A whole history remains to be written of spaces—which would at the same time be the history of powers.
“Re/constructed Narratives of the American War in Vietnam” re-presents images of Vietnam derived from magazine ephemera published in the United States and contemporaneous with the American War in Vietnam. Using a wide aperture, I collapse depth of field and deceptively project a false sense of depth into the two-dimensional images that are the source for these photographs, constructing space where there is none, rescripting surface in such a way that many of these images appear to be staged, miniaturized constructions.
Monumental, confrontational in scale, these images announce a sense of power that threatens to overwhelm the viewer. Their source images are western ones identified with Anglo-European cultures that have historically exerted power over and exploited South Asian cultures—images that are culturally linked to and register the power of an historical oppressor over the land and cultures signaled through them. This series includes depictions of hubs and circuits of power— military installations—epicenters for vectors of force—along with rivers, roadways, skies, the Vietnamese landscape itself—places, topographies spatially activated as sites of power by agents and objects dispersed through them.(2) Often an aerial one, the vantage point implied by these images is also one of power, a perspective that relies on access to sophisticated, expensive technology, not to mention economic advantage, a point of view that is also associated with surveillance and the potential for coercion, control, domination through the strategic use of information and to the detriment of those deemed “enemies.” Philosopher Gaston Bachelard proposed, “The cleverer I am at miniaturizing the world, the better I possess it.”(3) And these miniaturized spaces writ large invite viewers into a vertiginous space of power.
It is also notable that those responsible for war frequently use the language of gaming and play to obfuscate the reality that war is always a matter of destroying and foremost a matter of killing.(4) Through their toy-like construction, images in this series deploy a visual trope of play. As they tremble on the threshold of abstraction, these works further invoke the way that human lives are abstracted and an increasing number of civilians designated “collateral damage” in modern wars. Disturbingly beautiful, these images call attention to themselves in a way that renders their superficial loveliness self-consciously constructed and as suspect as the camouflaging language used in the perpetuation of war.
But the significance of the toy-like, the miniature, is polyvalenced. In his book The Poetics of Space, Bachelard also proposes that the miniature can become a vehicle into the imagination, stating, “The miniscule, a narrow gate, opens up an entire world.”(5) And in abstracting these images through miniaturization, I invite viewers to enter a kind of imaginative, contemplative space and to engage with the multiplicity of concerns and questions that inflect these works. Passages within these images oscillate between legibility and abstraction—between an almost forensic recording of hypertrophic detail suggestive of an “objective” act of recording historical, factual information and the subjective practices of constructing meaning and interpreting data. In their liminality, they teeter between reality and unreality, fact and fiction, and register the elusiveness of “truth,” the instability of histories and cultural memory, and the unknowability of war. Through their seductive, ironic beauty, deceptive construction, and elision and abstraction of visual information, these images evoke and mirror artfully crafted fictions eloquently narrated to obfuscate imperialism and violence related to war. Their self-conscious “formal failure” in conveying the gravity of the events of the war to which they refer also lends them a kind of “hallucinatory quality” that philosopher Jacques Rancière links to an inadequacy of correspondence that “goes to the heart of the elimination to be represented.”(6)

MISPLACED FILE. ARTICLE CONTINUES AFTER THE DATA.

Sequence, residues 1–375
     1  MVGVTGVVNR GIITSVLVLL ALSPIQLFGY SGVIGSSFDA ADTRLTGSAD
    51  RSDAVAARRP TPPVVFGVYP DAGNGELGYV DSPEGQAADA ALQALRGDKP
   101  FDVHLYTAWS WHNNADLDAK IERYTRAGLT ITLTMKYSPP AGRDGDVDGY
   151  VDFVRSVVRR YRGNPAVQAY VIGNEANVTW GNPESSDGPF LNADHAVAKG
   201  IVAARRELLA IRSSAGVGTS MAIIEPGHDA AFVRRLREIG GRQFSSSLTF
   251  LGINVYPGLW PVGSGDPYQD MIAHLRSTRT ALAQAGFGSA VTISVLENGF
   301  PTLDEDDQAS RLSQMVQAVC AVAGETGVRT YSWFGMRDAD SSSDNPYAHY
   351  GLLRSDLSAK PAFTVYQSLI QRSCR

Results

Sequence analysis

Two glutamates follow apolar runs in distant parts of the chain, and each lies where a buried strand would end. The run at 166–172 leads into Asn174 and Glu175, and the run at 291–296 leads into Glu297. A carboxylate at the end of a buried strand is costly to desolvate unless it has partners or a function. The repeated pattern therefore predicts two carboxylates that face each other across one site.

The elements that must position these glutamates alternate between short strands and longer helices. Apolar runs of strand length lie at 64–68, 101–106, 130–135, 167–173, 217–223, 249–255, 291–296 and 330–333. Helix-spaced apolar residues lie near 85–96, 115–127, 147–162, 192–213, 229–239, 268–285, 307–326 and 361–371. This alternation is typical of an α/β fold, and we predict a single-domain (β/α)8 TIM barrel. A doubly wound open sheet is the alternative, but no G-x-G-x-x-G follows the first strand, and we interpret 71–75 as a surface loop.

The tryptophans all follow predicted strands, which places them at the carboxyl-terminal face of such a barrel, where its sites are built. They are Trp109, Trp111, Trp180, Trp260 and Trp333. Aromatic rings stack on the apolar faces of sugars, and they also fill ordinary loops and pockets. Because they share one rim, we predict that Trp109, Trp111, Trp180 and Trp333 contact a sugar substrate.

1. Michel Foucault, Power/Knowledge: Selected Interviews and Other Writings, 1972 – 1977
(New York: Pantheon Books, 1980), 149.
2. For a theoretical consideration of the way that places become spatially activated, see
Michel de Certeau, The Practice of Everyday Life, trans. Steven Rendall (Berkeley,
Los Angeles, and London: University of California Press, 1988), especially 115 – 130.
3. Gaston Bachelard, The Poetics of Space, trans. Maria Jolas (Boston: Beacon Press,
4. Elaine Scarry, The Body in Pain: The Making and Unmaking of the World (New York and
Oxford: Oxford University Press, 1987), 67, 81, 82.
5. Bachelard, The Poetics of Space,155.
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